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Training vs. Learning: Why It’s Important to Know the Difference for an Optimized Learning Space

This blog article was written prior to LEO Learning becoming part of GP Strategies.

All L&D professionals will recognize that learning and training are both integral to performance outcomes—for both the individual and the organization. At LEO Learning, we’ve devised and deployed many learning and training solutions, and the breadth and depth of our experience have informed our holistic approach to creating optimized learning spaces. These are environments that set people up to maximize their learning potential.

We believe that organizations need to do three things to optimize their learning space:

  1. Embed opportunities for both training and learning
  2. Recognize the subtle differences and symbiotic relationship between training and learning
  3. Identify the times where training will be more appropriate than learning and vice versa

Training vs. Learning: The Differences

Some people—inside or outside the L&D sector—use the terms “training” and “learning” interchangeably. Others, conversely, depict them as antithetical forces. We see them as distinct but symbiotic concepts.

Learning Is a Possible Result of Training

Learning should be the result of training—but to assume learning has happened just because some training has happened is a mistake. People can learn from training, and people can apply learning in training. Sometimes people learn something without doing any training. And other times people can complete some training without learning anything!

Training Is Delivered to Someone

We define training as an activity that can be done to or for someone, or completed independently. For example, most organizations will deliver information security training to their employees. An expert provides knowledge and delivers it to employees in the form of, for example, an eLearning course. Employees will probably also be asked to practice by, for instance, completing scenario questions to rehearse and repeat the skill or behaviors they need to develop. You’ll encounter training outside work, too: if you’re training for a marathon, you probably have a daily running regimen that you stick to.

Learning, on the other hand, is an internal, individual-led process. You can “train” someone, but you can’t “learn” them. The ability to learn is one of the quintessential characteristics of being human. It’s about developing broad, theoretical or conceptual knowledge and nurturing a sense of reasoning and critical thinking.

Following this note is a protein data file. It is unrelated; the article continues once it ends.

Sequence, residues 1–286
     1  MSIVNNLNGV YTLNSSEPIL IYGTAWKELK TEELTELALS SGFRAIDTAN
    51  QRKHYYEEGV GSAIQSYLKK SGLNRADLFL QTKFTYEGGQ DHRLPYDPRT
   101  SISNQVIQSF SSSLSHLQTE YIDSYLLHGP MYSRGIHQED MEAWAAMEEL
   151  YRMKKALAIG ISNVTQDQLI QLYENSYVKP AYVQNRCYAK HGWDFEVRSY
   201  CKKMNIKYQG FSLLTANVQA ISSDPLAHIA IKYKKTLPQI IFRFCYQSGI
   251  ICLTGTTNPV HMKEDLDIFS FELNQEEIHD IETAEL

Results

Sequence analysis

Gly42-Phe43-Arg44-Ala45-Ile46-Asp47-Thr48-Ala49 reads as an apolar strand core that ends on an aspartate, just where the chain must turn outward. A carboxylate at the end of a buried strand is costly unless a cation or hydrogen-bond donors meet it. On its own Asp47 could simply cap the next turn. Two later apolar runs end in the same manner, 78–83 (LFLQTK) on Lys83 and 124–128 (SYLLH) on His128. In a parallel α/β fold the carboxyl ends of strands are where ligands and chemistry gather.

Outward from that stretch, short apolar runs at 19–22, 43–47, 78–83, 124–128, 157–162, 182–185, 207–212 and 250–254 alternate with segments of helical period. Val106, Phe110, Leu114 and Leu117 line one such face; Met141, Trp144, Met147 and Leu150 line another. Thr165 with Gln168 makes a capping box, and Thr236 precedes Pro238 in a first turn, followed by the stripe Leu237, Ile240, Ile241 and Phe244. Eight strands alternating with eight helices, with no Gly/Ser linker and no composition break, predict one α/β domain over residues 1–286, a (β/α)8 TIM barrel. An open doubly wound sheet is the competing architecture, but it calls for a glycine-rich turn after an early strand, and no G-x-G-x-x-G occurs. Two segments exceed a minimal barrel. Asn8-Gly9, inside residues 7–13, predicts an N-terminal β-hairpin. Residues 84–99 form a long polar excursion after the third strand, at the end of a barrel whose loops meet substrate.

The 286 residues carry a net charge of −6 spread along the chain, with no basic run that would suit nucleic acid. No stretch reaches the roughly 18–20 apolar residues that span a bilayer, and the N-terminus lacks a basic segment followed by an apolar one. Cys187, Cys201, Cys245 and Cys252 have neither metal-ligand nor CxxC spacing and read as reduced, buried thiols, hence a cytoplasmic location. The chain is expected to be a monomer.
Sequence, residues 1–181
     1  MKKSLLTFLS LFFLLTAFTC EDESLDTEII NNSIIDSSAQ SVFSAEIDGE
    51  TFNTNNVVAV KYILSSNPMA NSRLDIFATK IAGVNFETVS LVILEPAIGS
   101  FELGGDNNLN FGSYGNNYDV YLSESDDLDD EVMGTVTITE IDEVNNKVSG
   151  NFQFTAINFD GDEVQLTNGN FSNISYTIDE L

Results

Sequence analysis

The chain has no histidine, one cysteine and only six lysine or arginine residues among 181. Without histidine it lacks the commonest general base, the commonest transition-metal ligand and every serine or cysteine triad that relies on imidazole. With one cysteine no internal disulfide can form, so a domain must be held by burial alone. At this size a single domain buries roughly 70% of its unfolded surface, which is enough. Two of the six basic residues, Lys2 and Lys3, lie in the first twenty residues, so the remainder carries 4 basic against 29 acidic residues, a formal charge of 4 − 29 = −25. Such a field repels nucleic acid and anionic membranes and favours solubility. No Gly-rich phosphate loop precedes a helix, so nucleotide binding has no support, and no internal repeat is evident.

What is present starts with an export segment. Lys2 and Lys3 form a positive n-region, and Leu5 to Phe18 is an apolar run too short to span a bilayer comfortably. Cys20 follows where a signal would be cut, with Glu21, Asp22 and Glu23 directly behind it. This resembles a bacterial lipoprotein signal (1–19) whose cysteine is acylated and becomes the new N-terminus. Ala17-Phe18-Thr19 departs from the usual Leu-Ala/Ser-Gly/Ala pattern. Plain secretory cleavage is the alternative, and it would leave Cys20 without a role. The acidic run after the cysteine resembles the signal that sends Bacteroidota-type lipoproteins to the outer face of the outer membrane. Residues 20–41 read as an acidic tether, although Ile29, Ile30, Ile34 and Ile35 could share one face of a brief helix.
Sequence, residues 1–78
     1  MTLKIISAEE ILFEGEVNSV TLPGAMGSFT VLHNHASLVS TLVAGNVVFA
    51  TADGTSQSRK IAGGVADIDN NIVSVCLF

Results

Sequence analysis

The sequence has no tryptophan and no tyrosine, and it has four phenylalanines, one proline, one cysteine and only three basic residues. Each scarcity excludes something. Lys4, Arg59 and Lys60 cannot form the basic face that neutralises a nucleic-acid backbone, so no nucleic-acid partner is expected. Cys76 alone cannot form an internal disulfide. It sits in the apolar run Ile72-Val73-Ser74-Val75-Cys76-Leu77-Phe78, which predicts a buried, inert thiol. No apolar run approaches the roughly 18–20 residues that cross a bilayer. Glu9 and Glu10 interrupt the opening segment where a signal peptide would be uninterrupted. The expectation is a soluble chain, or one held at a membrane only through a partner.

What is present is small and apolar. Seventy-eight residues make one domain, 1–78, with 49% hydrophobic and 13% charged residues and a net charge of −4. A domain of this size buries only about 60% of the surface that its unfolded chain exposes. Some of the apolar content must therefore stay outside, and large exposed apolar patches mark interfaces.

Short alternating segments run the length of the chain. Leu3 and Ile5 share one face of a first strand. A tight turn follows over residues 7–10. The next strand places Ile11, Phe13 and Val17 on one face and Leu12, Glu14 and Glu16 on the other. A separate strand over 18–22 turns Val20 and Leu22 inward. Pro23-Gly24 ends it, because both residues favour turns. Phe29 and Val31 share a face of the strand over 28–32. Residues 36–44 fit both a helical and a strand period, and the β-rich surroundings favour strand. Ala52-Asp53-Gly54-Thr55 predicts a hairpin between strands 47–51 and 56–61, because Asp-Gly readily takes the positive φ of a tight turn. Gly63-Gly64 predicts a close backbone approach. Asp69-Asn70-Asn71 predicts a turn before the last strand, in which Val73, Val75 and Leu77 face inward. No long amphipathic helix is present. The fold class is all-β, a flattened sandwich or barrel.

Training is one of the essential components that help to make learning happen, but it’s not enough by itself. If we want employees to form a deep understanding of something, we need to offer rich, varied educational experiences.

The “How” and the “Why” of Training and Learning

We know that for employees to develop new skills, improve their performance, or change behavior, they need to be engaged in the topic, know what they need to do, know how to do it, and be able to contextualize and apply that knowledge in unfamiliar situations.

Training—whether that’s a lecture, an eLearning course, a series of practice exercises, or a daily exercise regime—is great for the “how”. It works well for processes and procedures in specific and current contexts. Learning is the thing that happens when people make connections; if training is about the “how”, then learning is very much about the “why”.

Consider our example of marathon training. While you might need a personal trainer to practice some running drills with you initially, you may need to ask them deeper questions to glean useful insights about running to gain a competitive edge and perform better. Where we offer an intervention that is focused on the “why” and designed to stimulate learning, we may refer to this as learning rather than training.

Once you combine the how with the why (i.e. the training and the learning), your running ability is likely to be significantly better than someone who has just had personal training sessions or only learned about running techniques. And if you were to extrapolate this dual-pronged approach across a running team, for example, the performance of that team is likely to increase exponentially.

Applying the “How” and “Why” in a Business Context

At LEO, we extend the work of Professor Diana Laurillard to consider how we can optimize capacity development among an organization’s employees. Our logical progression of her original Conversational Framework defines 10 different learning modes (keep scrolling to see our additions in bold):

  • Engagement (raising awareness)
  • Acquisition (watch, listen to, or read instructions)
  • Inquiry (ask, search, compare, and analyze)
  • Collaboration (undertake group project work)
  • Discussion (share insights with peers)